Could You Offer A Bit Of Advice For A Up And Coming Producer?

Yeah, Don’t Pay Anyone For Anything Musically, There’s Lots Of People Out There That Will Take Your Money For Services That You Don’t Need. It All Happens Automatically. You Don’t Need An Agency Until Your Reputable, Don’t Pay For Likes And Followers Either. I Mean Why Would You? You Paying For Someone To Add Followers From Fake Accounts That Actually Never Listen To Your Music. I’d Rather Have Just 100 Listeners That Listened Then 10,000 Play Clicks To Make You Look Popular.
Describe To Us Your Approach To A Dj Set, Do You Like To Gently Warm Up The Crowd Or Go For The Bangers Or More Of A Journey Approach?

I Never Plan A Set. I Pick A Load Of Tracks I Like With Varying Tunes And Try Feel What The Crowd Want. Then Give Them It. If Its Funk Or “bangers” I Try Read The Crowd. I Never Try Force Music Into A Crowd. Id Rather Play To A Full Room Then Empty One.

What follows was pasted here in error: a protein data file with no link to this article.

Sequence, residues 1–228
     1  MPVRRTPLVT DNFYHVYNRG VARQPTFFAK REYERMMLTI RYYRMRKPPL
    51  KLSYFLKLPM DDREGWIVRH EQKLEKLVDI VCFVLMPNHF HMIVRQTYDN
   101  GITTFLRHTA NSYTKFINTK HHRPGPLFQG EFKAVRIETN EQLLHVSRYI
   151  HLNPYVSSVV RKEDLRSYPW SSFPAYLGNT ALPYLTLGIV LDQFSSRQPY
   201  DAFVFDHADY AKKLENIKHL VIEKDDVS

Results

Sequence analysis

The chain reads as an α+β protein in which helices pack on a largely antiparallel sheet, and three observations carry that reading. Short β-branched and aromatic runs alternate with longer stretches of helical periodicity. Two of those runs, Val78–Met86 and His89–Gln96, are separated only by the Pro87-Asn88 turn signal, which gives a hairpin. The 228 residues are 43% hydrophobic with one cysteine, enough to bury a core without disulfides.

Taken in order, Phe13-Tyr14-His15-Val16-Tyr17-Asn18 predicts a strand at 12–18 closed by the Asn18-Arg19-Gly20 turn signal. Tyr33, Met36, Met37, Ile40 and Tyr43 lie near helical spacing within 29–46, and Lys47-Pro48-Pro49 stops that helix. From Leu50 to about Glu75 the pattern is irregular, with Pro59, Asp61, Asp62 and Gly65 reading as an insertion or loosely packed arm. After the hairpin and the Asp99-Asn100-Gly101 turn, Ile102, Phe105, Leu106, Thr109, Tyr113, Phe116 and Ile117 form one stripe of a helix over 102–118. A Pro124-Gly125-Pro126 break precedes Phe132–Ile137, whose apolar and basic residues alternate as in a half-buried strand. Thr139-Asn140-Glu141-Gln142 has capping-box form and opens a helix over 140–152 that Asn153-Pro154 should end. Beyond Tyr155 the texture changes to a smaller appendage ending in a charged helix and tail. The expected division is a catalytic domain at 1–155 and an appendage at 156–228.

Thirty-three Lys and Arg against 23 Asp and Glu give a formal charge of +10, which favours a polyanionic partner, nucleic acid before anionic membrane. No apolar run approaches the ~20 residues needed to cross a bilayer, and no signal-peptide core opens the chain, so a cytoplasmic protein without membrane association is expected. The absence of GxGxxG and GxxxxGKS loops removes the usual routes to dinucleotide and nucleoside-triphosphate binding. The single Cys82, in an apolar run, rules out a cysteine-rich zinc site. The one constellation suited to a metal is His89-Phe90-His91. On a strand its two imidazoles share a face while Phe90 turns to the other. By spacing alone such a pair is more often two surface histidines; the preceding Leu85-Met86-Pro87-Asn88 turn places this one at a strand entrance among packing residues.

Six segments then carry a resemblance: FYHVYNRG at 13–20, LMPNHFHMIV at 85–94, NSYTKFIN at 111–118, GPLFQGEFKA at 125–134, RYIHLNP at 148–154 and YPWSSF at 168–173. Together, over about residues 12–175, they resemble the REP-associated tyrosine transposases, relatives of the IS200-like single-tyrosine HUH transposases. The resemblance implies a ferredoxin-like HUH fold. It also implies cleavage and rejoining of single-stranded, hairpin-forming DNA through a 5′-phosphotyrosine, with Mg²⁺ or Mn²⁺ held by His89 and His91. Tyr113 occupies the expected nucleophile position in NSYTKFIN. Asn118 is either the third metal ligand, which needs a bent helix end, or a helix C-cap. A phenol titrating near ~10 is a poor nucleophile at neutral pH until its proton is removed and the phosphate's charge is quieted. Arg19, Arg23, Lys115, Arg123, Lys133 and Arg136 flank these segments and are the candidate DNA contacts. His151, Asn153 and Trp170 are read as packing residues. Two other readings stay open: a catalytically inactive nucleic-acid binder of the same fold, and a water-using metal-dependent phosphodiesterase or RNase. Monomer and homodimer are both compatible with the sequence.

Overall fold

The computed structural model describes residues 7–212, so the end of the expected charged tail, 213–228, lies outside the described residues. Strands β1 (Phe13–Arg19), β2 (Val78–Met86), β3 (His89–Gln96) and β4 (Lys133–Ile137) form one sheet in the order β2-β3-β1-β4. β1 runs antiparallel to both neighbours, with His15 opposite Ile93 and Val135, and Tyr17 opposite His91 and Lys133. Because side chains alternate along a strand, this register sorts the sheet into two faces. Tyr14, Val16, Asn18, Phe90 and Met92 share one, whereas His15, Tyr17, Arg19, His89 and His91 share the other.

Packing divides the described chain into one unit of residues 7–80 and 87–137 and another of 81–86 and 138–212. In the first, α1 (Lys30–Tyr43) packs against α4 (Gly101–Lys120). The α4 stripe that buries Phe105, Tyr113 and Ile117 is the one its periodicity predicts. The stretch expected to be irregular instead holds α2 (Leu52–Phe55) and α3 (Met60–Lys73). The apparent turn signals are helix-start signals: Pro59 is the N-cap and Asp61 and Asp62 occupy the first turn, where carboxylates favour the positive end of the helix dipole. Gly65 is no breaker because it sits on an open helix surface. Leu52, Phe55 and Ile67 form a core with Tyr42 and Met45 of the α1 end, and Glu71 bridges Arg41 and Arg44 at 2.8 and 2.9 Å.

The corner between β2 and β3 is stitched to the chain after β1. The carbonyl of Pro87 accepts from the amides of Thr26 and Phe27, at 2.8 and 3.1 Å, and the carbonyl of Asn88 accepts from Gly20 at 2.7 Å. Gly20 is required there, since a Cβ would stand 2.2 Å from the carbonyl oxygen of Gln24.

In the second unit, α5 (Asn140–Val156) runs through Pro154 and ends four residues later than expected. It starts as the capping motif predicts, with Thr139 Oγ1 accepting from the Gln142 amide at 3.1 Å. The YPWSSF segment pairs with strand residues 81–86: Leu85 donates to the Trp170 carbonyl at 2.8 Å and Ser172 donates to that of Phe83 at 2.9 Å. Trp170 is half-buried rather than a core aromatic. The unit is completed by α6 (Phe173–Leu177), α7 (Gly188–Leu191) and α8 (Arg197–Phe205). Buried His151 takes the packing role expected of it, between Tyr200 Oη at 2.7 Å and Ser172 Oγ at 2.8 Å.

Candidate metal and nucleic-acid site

As A Producer, You Keep An Open Mind And An Open Palette Producing In Various Styles, Who Do You Draw Influences From?

I Like To Take Bits From Varying Genres, If I Like It Or It Fits It Gets Written In. I Like Adding Subliminal Sound Changes That As A Music Fan You Wouldn’t Notice But As A Producer It Makes The Track. Take A Kick Out Or Add A Kick There Can Make The Difference. I Love The Musical Build Ups Before The Drops From Late 90’S And 2000’S Tracks And I Do Try Transfer That Into My Music. I Try To Make It Uplifting Funky With Dirty Basslines
What Are The Vital Elements To Making A Tune That Come Into Play When You’re In The Studio?

Easy, 8 Bars, A Kick Ass Kick Drum And Rocking Bassline. Start There And Feel The Groove.
Who Have You Enjoyed Making Music With The Most And Who Would You Still Like To Colab With?